As part of the Nets of Hope project launched by the Association for Environmental Protection in Ksibet el Mediouni (APEK), surveys have been conducted to collect data on the effects of ghost fishing. According to Fatma Ben Amor, collecting abandoned fishing gear is not an easy task and requires collaboration with local fishermen and divers, which can be both costly and exhausting.
Imed Jribi recognizes the significant challenges that ghost fishing poses and emphasizes the need for greater resources and efforts at the national and local levels.
"We cannot rely only on civil society to solve this problem. While their role in raising awareness is crucial, the solution to ghost fishing requires collaboration among governments, researchers, and fishing communities," he says.
One crucial step in addressing ghost fishing is developing a deeper understanding of its impact on the marine ecosystem. This includes conducting further research on the effects of ghost fishing and identifying the species most affected by it. By gaining a better understanding of the problem, we can develop more effective solutions to prevent and mitigate its impact.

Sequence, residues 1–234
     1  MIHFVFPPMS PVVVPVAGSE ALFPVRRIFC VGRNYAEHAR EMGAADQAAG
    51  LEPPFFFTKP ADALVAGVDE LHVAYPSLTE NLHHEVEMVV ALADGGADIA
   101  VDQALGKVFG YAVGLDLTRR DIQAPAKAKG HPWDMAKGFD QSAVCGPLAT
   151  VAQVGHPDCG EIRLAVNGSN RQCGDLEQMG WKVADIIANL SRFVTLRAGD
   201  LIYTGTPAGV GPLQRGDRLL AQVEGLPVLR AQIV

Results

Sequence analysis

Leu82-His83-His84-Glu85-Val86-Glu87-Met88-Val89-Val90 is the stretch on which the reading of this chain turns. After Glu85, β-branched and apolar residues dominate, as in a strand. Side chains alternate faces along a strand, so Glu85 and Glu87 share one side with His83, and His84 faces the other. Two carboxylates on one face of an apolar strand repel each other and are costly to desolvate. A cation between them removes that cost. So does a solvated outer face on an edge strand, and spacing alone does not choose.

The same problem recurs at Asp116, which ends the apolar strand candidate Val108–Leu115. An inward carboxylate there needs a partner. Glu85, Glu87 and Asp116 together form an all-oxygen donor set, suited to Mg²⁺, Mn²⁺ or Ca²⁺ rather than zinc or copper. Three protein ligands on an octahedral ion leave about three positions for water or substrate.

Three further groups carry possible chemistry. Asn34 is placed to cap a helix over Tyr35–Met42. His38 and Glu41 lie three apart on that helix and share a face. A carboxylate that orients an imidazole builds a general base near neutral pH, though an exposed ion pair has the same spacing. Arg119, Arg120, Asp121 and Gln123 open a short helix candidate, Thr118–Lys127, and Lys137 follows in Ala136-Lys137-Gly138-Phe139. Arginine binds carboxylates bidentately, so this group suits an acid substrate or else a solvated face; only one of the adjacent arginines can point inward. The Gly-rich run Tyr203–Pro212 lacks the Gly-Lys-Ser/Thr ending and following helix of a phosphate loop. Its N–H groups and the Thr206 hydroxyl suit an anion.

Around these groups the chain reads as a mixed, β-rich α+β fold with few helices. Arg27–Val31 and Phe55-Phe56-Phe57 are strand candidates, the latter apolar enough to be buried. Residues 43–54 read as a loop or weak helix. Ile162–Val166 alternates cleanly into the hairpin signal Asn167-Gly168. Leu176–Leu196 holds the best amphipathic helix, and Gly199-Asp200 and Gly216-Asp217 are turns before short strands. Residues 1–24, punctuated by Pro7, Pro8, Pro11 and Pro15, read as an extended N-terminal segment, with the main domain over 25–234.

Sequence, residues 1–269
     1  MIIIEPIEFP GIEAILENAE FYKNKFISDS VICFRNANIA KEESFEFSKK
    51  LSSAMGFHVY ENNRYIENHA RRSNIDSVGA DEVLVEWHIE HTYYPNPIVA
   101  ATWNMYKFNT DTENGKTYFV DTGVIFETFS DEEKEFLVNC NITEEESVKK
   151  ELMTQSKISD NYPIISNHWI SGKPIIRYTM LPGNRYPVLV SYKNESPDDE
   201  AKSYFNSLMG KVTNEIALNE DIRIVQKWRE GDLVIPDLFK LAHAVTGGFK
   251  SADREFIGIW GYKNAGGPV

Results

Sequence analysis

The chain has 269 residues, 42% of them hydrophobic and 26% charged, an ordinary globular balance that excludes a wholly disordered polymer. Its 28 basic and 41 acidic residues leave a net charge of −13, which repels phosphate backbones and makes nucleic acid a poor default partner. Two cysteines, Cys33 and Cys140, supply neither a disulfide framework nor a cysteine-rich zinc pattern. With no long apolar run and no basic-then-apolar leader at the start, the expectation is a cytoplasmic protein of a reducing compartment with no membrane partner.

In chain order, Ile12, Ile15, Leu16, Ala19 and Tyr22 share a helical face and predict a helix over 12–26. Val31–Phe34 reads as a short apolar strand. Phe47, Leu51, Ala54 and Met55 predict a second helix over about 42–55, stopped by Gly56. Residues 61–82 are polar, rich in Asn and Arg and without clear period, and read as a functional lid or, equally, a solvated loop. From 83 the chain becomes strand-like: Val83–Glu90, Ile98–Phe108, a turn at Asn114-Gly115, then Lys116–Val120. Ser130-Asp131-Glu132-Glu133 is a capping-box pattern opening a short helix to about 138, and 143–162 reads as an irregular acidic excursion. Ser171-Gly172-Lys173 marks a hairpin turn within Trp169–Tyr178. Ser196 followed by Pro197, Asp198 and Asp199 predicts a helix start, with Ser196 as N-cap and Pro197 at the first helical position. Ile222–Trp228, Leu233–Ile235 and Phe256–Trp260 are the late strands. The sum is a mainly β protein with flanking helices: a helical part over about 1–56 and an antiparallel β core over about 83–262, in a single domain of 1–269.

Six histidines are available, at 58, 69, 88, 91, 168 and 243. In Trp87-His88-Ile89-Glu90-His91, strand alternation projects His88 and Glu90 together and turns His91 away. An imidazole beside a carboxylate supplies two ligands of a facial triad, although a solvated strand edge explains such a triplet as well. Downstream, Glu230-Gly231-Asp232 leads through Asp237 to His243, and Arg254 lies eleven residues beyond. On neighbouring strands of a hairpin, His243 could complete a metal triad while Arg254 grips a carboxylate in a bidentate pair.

Jribi's words serve as a reminder that the issue of ghost fishing is complex and requires a comprehensive approach that involves a range of stakeholders. Only through coordinated efforts and sustained investment can we hope to tackle this challenge and preserve our oceans for future generations.
Various solutions have been proposed to reduce the harmful effects of ghost fishing, such as improved marking of fishing gear, incentivizing recycling and refurbishing of end-of-life fishing gear by manufacturers, and using biodegradable gear features. Initiatives have also been launched to recycle ghost gear into innovative products.